What about a setup like a Wii U. You have a dedicated smallish device (like maybe a NUC or something) that can have a large battery and even remain in a backpack or something if travelling, you then have a very light weight device that is basically a screen, controls and basic media player that can local game stream from the base unit.
 

msystems

King of Cable Management
Apr 28, 2017
800
1,400
Exactly, you just need an HDMI over Wireless module. These are mass produced for the filmmaker and video production industry. I don't see a pcb sized wireless hdmi transmitter, but there are small DC consumer ones as cheap as $100 which could be broken out of their plastic enclosures and repackaged within the handheld. At such a short range, no way you need to have a giant antenna on the transmitter either. There's also a video on Youtube of someone creating a diy wireless transmitter, however it is an analog RCA signal.

As for the controller, hopefully the controller buttons could be transmitted over Bluetooth, by existing solutions. Lots of options there. There is also a diy guide on Adafruit.
 
Last edited:
  • Like
Reactions: Valantar

Valantar

Shrink Ray Wielder
Jan 20, 2018
2,201
2,225
Honestly it is hard to justify making something able to play Witcher 3, while being ultra-portable but only lasting 47 minutes. At <1h one has to wonder, why making it so portable in the first place, or why does it have to play Witcher 3 ...
They're just trying to do a tad too much at once. I mean, it does decently with lightweight tasks - 6h H.264 video or 5.5h web browsing isn't bad - just mediocre. It clearly does a passable job at tamping down power draw when not under heavy loads. But for gaming it is clearly meant to be a tethered experience - you just get to choose if you game at home with the XG mobile dock or somewhere else with the built-in GPU. You could probably extend its battery a bit with a decent USB-C PD powerbank, but even something very much made-for-purpose like the Steam Deck - or even the Switch! - only lasts for a handful of hours. And even the lowest power dGPU will double power draws from a well tuned APU. The Flow X13 is likely better for on-the-go gaming, especially the upcoming/newly launched versions with 6000-series APUs, as they should deliver good gaming performance even on the iGPU, and the battery is slightly larger too. But of course those aren't handhelds either (even if they do transform into a "tablet" mode). Putting SteamOS on one of these would be interesting though ...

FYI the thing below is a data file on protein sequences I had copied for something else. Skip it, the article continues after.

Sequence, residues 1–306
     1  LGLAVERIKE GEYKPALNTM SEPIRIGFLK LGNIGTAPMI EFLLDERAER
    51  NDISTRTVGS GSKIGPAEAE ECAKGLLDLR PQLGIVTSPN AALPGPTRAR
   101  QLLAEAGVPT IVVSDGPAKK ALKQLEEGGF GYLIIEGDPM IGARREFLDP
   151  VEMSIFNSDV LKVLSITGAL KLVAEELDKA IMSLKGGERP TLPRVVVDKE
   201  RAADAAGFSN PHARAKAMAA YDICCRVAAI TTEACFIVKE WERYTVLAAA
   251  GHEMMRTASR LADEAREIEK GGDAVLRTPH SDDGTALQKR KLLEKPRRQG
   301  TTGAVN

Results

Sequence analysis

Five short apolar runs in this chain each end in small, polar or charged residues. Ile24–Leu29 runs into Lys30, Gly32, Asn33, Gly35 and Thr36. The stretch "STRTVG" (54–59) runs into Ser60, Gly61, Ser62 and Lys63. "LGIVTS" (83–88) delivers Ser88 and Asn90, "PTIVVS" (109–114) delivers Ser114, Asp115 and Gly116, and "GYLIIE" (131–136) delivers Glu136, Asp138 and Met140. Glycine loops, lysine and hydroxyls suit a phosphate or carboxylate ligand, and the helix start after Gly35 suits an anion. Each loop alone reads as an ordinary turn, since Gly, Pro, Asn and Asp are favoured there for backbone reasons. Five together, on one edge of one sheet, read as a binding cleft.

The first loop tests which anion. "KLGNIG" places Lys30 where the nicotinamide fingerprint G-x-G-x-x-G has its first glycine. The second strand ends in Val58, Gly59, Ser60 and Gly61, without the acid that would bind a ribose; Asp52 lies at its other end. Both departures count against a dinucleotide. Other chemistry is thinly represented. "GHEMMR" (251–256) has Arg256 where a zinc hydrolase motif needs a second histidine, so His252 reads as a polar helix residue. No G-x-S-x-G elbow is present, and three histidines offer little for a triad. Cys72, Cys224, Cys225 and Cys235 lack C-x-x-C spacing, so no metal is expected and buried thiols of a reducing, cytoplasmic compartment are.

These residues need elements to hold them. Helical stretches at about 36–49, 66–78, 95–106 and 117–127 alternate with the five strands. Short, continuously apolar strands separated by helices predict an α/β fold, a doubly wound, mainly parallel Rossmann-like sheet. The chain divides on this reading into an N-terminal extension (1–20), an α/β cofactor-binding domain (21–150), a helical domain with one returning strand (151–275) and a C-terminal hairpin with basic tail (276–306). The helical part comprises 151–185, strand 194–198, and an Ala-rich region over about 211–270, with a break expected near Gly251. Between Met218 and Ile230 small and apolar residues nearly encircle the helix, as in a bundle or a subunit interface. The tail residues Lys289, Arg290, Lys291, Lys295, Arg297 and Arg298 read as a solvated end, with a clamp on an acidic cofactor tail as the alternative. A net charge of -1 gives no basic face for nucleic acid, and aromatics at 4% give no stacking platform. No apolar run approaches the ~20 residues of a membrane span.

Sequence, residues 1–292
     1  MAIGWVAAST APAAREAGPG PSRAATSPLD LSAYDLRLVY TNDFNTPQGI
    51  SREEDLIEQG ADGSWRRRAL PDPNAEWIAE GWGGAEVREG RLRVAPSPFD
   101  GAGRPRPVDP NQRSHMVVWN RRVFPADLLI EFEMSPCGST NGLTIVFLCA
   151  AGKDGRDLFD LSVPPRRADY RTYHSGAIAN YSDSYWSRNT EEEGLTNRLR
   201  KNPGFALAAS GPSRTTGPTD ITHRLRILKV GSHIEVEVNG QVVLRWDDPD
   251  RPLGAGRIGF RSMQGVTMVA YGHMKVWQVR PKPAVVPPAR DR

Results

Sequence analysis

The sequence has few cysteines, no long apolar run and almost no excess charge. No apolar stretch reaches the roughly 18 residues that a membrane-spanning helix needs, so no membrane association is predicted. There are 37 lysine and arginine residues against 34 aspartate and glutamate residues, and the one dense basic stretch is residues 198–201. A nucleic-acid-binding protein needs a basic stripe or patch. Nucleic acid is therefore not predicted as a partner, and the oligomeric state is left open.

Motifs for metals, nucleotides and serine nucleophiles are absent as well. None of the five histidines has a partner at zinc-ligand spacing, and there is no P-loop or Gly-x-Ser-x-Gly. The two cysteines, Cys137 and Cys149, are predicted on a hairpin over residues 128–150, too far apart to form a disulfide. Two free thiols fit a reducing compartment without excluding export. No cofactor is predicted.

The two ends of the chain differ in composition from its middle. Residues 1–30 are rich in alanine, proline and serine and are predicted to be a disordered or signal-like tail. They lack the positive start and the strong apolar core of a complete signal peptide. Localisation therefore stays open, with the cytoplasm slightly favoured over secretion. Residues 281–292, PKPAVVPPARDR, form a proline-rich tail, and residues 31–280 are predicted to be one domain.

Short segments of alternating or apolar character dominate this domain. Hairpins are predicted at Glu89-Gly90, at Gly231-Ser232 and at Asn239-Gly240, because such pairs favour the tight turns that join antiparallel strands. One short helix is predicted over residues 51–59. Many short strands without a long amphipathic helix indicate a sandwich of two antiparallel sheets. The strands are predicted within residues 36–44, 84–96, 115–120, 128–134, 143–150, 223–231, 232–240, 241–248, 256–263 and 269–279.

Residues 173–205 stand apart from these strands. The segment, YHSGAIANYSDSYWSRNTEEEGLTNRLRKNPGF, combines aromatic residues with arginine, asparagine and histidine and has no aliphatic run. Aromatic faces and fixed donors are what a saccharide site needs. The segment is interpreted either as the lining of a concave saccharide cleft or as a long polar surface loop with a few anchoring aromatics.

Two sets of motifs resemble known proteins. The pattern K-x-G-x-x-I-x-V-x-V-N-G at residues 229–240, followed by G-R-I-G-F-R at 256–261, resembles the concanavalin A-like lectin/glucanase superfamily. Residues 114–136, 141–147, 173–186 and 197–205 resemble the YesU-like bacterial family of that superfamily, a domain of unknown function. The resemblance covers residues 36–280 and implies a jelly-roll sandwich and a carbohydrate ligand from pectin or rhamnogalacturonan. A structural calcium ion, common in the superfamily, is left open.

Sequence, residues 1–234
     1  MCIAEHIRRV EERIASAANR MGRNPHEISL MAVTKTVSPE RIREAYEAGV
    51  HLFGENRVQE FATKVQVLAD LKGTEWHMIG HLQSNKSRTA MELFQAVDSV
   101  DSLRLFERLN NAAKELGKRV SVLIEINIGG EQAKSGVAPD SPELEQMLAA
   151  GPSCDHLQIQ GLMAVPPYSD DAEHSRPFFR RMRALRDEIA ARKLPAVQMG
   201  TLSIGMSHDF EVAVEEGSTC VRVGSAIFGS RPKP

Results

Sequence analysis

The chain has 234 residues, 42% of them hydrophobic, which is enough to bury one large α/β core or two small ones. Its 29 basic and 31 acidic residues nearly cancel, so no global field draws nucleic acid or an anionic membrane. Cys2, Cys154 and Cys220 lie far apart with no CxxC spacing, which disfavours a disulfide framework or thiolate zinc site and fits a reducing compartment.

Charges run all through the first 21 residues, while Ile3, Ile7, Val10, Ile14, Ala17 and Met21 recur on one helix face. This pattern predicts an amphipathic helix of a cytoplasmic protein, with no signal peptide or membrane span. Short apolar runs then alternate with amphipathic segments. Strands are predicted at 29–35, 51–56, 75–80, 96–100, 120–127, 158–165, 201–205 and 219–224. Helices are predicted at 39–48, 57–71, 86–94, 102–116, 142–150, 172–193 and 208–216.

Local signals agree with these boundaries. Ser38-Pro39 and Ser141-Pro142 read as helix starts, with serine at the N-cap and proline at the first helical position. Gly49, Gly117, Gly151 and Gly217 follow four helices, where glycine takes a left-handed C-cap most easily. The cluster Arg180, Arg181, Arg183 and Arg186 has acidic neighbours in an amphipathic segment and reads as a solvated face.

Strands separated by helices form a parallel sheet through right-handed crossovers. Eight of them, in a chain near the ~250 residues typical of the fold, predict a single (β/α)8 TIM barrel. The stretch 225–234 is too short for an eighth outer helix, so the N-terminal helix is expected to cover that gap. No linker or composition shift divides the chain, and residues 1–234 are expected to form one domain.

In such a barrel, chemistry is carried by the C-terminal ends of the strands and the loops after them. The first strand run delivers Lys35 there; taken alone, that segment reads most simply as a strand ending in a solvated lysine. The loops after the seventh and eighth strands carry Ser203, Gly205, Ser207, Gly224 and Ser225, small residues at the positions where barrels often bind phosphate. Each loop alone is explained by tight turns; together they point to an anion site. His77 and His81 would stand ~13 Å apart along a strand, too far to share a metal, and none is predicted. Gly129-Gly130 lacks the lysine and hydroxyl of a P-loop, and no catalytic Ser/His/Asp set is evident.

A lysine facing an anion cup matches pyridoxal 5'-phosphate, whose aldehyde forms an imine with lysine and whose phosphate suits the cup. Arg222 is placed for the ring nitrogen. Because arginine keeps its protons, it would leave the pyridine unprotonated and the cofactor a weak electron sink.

CC Ricers

Shrink Ray Wielder
Original poster
Bronze Supporter
Nov 1, 2015
2,234
2,557
For me, I think GPD got the mini gaming laptop form factor down pat. The Win Max packs a lot of power still, has a physical keyboard and comfortable to hold in your hands for extended periods of time compared to normal sized laptops. Steam Deck is great, but there's still something about the clamshell style devices for portability.
 

jakejm79

Average Stuffer
Mar 22, 2021
67
56
Exactly, you just need an HDMI over Wireless module. These are mass produced for the filmmaker and video production industry. I don't see a pcb sized wireless hdmi transmitter, but there are small DC consumer ones as cheap as $100 which could be broken out of their plastic enclosures and repackaged within the handheld. At such a short range, no way you need to have a giant antenna on the transmitter either. There's also a video on Youtube of someone creating a diy wireless transmitter, however it is an analog RCA signal.

As for the controller, hopefully the controller buttons could be transmitted over Bluetooth, by existing solutions. Lots of options there. There is also a diy guide on Adafruit.
That is an even better idea, then it's just a dumb screen and controllers and not much else. Battery life would be much better and you could make it much lighter too.
 

Valantar

Shrink Ray Wielder
Jan 20, 2018
2,201
2,225
Exactly, you just need an HDMI over Wireless module. These are mass produced for the filmmaker and video production industry. I don't see a pcb sized wireless hdmi transmitter, but there are small DC consumer ones as cheap as $100 which could be broken out of their plastic enclosures and repackaged within the handheld. At such a short range, no way you need to have a giant antenna on the transmitter either. There's also a video on Youtube of someone creating a diy wireless transmitter, however it is an analog RCA signal.

As for the controller, hopefully the controller buttons could be transmitted over Bluetooth, by existing solutions. Lots of options there. There is also a diy guide on Adafruit.
That's a pretty good idea. The main challenge with things like that is that many of them require line-of-sight to work (WiGig, for example), and are severely hampered by tings like your body getting in the way of the signal. But still, making a battery powered handheld wireless HDMI display + controller combo would overall be relatively trivial - and you could probably get really good battery life too, as long as the display and receiver don't gobble up too much power.
 

msystems

King of Cable Management
Apr 28, 2017
800
1,400
Ok, sorry to drag this off topic again but to elaborate on the idea, what would work is getting switch controllers and holding everything together with a 3d printed frame to mimic the receptacle on the switch.

But apparently this would even work with a phone, which is a lot more practical than buying a videography monitor. Like in the video below. Just imagine the console is actually a portable NUC with a battery. The extra hardware needed for doing it with a phone is a HDMI to usb capture dongle.

 
Last edited:
  • Like
Reactions: Valantar